Real Estate Investing: Multi-Tenant Properties Versus Single Tenant Properties

Feb 3, 2014

At first glance, multi-tenant properties seem to be more lucrative real estate investments than single tenant commercial properties.

On paper, multi-tenant properties such as shopping centers are often more profitable to own than single tenant properties such as fast food franchises.

However, when the economy recedes and some businesses in a multi-tenant property close their doors, owning the real estate can be more of a burden than a blessing.

To a certain extent, triple net leases insulate investors against the financial fallout of a multi-tenant property that loses tenants. However, while the owner may not be responsible for traditional building expenses, there is typically a mortgage to pay on the property. The fewer tenants the property has, the harder it becomes to achieve the projected ROI. In a matter of months, the owner can be upside down in the investment, paying for it with his own money.


Such a bleak portrayal of multi-tenant properties ultimately has more to do with the economy than the properties. When the goal is to swing for the fences and make the most lucrative investment in real estate, buying a well-established multi-tenant property is prime investment option. However, as the economy continues to recover, many real estate investing consultants are steering their clients toward single tenant properties instead of multi-tenant buildings.

Throughout the recession, single-tenant properties have consistently yielded lower capitalization rates than multi-tenant properties. In a tenuous economy, it is easier to realize long-term capital appreciation by having a long-term lease with a single creditworthy tenant than having multiple leases with tenants whose annual capitalization rates inherently vary. Even so, that doesn’t mean purchasing a multi-tenant property is a bad real estate investment.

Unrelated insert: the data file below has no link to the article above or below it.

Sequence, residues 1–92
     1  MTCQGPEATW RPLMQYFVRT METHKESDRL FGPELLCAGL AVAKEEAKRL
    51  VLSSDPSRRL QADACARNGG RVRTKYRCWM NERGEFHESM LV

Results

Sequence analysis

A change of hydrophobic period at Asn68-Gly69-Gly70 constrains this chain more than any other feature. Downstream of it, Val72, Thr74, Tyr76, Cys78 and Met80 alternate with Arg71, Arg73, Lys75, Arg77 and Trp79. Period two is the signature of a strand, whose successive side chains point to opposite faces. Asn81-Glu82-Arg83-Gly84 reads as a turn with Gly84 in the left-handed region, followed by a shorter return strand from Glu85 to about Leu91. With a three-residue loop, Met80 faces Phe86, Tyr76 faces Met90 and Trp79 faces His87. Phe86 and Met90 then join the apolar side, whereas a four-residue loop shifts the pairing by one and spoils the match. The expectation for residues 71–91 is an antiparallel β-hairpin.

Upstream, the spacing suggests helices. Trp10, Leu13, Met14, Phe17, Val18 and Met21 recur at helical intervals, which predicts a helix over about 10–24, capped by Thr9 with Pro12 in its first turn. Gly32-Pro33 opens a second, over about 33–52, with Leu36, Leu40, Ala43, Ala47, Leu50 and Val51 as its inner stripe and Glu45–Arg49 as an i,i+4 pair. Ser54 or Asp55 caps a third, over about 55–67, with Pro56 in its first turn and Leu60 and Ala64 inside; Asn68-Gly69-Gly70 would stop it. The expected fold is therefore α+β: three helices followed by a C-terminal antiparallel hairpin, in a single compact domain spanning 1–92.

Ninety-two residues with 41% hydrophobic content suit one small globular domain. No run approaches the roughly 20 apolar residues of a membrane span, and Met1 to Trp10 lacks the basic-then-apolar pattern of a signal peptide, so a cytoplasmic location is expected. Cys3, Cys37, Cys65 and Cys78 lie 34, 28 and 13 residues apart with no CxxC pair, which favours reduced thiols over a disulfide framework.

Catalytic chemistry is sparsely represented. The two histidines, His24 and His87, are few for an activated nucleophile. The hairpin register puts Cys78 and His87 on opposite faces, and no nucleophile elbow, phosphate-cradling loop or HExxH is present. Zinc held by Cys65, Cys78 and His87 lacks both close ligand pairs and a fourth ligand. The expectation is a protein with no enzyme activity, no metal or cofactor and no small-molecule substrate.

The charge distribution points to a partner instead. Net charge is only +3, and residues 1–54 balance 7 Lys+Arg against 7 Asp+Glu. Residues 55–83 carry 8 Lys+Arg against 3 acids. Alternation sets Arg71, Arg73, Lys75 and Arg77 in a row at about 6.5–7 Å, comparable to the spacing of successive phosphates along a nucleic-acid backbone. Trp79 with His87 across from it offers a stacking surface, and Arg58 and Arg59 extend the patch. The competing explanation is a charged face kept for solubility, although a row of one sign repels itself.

Currently, buying a multi-tenant property as a first real estate investment would be a risky move for many investors. A safer idea would be to underpin a multi-tenant property investment with one or more single-tenant property investments. With income from dependable single-tenant properties filling the coffers, taking a chance on a multi-tenant property could be less risky. If some tenants from the multi-tenant property defect, the property owner has a financial cushion.

Investing in a multi-tenant property is a great decision for some investors, but it’s important to assess the prospective value of the investment based on current economic conditions, other assets in the investor’s portfolio, and the wealth objectives of the investor. If you need assistance locating a single tenant or multi-tenant property, or evaluating one you have already found, the experienced property brokers at Westwood Net Lease Advisors is here to help.

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